LEWISTON, Maine — House Democrats are nearly certain to impeach President Donald Trump this week. Senate Republicans — barring a major shift — would acquit him. Few have as much riding on the proceedings as two Mainers with mirroring political problems in 2020.
Sen. Susan Collins, a Republican, is set to stand for a fifth term in a nationally targeted race in a Democratic-leaning state. Rep. Jared Golden, a freshman Democrat, must run for re-election in the 2nd Congressional District — won easily by Trump in 2016. Votes with their parties could alienate majorities. Votes against them may dampen support in potentially close races.
It’s a unique situation for two politicians from different parties and the same state. There may be no good political choice. Both have careful approaches and the faith of former Maine Sen. William Cohen, a Republican who cast a key vote on a House panel against President Richard Nixon during similar proceedings in 1974 and has called Trump’s conduct impeachable.
“I have great faith in Senator Collins and Congressman Golden as do the people of Maine,” Cohen said in an email. “Whatever decision they reach will be based on their careful review of the facts and their own good judgment.”
Golden voted with his party in October to endorse the process, though he says he has not decided how he will vote in the end. He must decide this week, when House Democrats are expected to approve two impeachment articles. Collins has largely declined comment on the process, citing an eventual role in a Senate trial on removal, which would take a two-thirds vote.
The articles revolve around the July call between Trump and the Ukrainian leader, in which the U.S. president mentioned aid to the European nation and his desire for it to investigate former Vice President Joe Biden, the leading Democratic candidate to face Trump in the 2020 election.
Golden said in October that he’ll be focused on Trump’s intent in his evaluation of impeachment — whether the president put “personal gain above the best interest of the country” or if he believed “this was what he should be doing” to further U.S. foreign policy interests. He is one of 60 House Democrats who have not said how they will vote, according to The Washington Post.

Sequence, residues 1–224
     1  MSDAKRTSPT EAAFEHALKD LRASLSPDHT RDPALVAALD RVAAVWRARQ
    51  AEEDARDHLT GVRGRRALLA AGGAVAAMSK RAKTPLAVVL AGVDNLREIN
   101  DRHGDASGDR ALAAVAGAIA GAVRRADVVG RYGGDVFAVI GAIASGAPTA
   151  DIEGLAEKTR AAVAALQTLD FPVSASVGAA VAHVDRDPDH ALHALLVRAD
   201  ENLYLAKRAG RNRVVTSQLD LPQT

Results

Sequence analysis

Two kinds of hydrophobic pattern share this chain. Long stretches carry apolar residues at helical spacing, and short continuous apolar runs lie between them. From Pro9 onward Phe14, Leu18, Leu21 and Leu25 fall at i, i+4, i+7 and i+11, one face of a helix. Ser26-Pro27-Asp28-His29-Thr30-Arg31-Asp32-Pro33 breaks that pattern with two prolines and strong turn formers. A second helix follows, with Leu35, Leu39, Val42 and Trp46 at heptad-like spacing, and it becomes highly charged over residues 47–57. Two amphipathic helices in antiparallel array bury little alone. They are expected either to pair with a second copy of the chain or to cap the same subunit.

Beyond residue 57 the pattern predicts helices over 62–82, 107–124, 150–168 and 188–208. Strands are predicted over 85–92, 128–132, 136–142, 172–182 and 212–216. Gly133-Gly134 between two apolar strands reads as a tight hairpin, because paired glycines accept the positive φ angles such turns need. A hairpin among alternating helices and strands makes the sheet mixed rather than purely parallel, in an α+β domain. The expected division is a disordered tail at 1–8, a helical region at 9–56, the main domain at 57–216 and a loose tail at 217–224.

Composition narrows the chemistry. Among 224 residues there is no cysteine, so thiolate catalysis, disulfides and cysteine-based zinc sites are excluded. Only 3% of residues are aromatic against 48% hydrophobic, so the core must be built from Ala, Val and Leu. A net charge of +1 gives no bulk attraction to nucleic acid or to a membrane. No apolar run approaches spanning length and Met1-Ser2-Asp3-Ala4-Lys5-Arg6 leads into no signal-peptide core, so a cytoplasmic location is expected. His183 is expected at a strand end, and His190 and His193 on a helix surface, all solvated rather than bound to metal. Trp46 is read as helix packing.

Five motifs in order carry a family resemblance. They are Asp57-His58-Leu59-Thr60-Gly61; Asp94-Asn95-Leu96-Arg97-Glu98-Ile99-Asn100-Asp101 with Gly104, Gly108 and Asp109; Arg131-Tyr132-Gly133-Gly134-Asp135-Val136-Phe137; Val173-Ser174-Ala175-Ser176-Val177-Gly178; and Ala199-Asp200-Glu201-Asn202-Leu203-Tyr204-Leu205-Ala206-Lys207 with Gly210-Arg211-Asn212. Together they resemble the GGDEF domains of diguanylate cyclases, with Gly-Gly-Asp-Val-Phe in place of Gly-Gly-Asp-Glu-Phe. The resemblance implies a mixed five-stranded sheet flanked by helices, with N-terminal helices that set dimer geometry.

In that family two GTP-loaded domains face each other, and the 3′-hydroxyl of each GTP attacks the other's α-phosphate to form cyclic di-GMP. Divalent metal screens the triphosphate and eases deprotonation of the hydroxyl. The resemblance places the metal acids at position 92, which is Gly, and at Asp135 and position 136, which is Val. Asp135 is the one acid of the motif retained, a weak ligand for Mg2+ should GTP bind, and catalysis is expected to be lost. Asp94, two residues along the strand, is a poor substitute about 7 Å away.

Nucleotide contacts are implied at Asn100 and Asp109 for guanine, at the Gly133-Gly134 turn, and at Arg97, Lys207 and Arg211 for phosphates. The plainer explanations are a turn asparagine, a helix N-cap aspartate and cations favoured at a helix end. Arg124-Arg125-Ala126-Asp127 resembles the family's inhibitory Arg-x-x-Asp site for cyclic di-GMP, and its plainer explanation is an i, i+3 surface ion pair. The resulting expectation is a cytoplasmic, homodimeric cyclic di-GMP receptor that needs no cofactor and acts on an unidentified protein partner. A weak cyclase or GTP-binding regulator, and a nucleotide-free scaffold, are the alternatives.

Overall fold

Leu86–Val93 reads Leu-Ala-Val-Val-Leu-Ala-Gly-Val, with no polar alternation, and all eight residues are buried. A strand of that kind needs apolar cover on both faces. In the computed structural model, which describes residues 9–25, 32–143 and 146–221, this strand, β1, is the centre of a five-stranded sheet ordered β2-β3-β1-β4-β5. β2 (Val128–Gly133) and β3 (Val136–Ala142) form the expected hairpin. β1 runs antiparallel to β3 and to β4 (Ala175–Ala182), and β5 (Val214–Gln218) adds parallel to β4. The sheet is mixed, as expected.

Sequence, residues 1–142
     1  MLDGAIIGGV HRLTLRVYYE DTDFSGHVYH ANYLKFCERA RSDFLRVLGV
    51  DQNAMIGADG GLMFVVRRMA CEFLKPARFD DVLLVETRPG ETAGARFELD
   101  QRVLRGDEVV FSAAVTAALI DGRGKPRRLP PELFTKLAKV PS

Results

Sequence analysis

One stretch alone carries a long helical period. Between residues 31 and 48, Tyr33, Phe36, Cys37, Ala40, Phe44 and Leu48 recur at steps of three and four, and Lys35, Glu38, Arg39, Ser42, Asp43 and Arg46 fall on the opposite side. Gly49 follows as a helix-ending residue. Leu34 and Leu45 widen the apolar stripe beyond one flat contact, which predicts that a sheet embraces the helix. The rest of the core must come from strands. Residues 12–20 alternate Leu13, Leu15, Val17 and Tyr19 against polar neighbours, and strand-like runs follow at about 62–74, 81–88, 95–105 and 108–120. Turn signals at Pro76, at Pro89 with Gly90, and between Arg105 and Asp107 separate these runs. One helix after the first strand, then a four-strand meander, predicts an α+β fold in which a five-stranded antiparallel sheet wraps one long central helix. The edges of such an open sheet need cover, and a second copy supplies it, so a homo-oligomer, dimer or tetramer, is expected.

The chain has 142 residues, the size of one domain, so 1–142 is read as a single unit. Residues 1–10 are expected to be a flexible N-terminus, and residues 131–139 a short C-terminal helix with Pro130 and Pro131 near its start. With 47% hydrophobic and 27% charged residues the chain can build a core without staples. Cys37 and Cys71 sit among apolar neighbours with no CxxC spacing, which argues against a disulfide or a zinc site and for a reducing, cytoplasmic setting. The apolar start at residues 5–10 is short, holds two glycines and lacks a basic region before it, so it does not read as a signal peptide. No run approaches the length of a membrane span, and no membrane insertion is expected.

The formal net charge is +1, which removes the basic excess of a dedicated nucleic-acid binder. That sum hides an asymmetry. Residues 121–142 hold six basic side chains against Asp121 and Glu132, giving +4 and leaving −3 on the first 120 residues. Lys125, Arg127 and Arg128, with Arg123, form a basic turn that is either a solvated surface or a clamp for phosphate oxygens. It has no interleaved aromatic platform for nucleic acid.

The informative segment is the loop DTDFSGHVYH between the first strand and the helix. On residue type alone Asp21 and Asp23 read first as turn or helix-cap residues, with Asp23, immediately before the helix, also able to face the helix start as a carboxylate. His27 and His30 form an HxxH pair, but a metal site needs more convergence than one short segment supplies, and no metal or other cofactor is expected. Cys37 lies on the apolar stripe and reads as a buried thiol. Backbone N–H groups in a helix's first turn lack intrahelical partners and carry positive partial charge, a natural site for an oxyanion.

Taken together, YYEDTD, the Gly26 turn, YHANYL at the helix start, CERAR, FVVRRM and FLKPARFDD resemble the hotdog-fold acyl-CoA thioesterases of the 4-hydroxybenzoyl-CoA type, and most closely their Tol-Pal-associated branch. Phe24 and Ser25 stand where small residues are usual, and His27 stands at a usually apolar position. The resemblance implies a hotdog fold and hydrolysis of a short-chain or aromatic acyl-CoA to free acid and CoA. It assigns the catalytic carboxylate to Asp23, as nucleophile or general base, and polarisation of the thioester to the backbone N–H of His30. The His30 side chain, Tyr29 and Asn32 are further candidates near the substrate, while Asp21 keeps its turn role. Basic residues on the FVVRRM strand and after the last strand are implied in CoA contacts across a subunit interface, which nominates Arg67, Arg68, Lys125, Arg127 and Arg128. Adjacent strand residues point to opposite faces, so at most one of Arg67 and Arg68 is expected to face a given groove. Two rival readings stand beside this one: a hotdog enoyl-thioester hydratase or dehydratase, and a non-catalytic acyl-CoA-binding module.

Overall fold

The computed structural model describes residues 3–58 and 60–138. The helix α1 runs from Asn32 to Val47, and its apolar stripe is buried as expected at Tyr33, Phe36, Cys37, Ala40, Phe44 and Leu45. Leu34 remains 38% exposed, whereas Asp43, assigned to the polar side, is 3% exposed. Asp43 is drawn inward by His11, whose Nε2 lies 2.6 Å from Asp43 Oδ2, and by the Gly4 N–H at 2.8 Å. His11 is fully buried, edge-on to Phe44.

The nuance in Golden’s stated position has not mattered to three of his Republican opponents, who have hammered him on his October vote and raced to embrace Trump. Two of them appeared at a Wednesday anti-impeachment rally outside Golden’s office in Bangor.
Collins will face her biggest vote since backing U.S. Supreme Court Justice Brett Kavanaugh in 2018. That vote motivated Democrats to prioritize her seat in 2020. Republicans, including those who hit her after 2017 moves to preserve the Affordable Care Act, rallied around her. Of her four Democratic opponents, only one, lobbyist Betsy Sweet, has called for Trump’s removal.
In 1999, Collins was one of four Republicans who voted to acquit former President Bill Clinton on two impeachment articles, calling removal “an extraordinary action” reserved for when a president “so injures the fabric of democracy” that there is no other option.
For Golden, an impeachment vote will send Republicans into overdrive to label him an obstructionist. He may face a tougher vote than Collins because he is more undefined. She is already in a race with an unprecedented level of advertising so early in a Maine campaign.
But Ray Richardson, a conservative radio host and self-described “Trumpster” from Westbrook, had a permissive stance on Collins’ decision, citing her vote on Kavanaugh as an example of how she “stood strong and did what she thought was right” under heavy pressure.
“If I respected her for that, then I have to respect her for whatever decision she makes here,” he said.
Golden, he said, is in a “no-win situation.” Richardson said an impeachment vote would likely cost him his seat, which “may or may not be fair, but that is an unabashed Trump district.”
Linda Homer of Southwest Harbor, a member of the progressive group Indivisible MDI, doubts Collins will vote to convict because of past votes with Trump. If she did, Homer said the vote would likely be calculated with top Republicans and “really wouldn’t matter.”
She said she’s holding Collins and Golden to the same standard on the matter, which she said comes down to a simple question: whether it’s wrong to ask a foreign power to investigate a rival. In Golden’s case, she said the answer shouldn’t come down to the lean of his district.
“This one, I don’t think, is up to the constituents,” Homer said. “This is him and his oath, and I hope he will do the right thing.”
Among the breakfast crowd at Simones’ Hot Dog Stand in Lewiston on Friday was former Lewiston city councilor and police officer Nelson Peters, who said Collins was “doing this” on impeachment, licking a finger and holding it in the air. Golden is doing the same, he said.
Peters, a Republican, said he would probably vote for Collins regardless of her choice. “She sways” on issues, he said, but he added that “maybe she has to in order to stay elected.”
Bob Couture of Lewiston said Trump should be impeached and while Golden might be toeing a careful line to in a nod to his district, politicians “should be able to tell the truth.”
“I’d be pissed off” if Golden doesn’t vote for impeachment, Couture said. “Trump hasn’t done the right thing. It’s the moral, obvious thing to do.”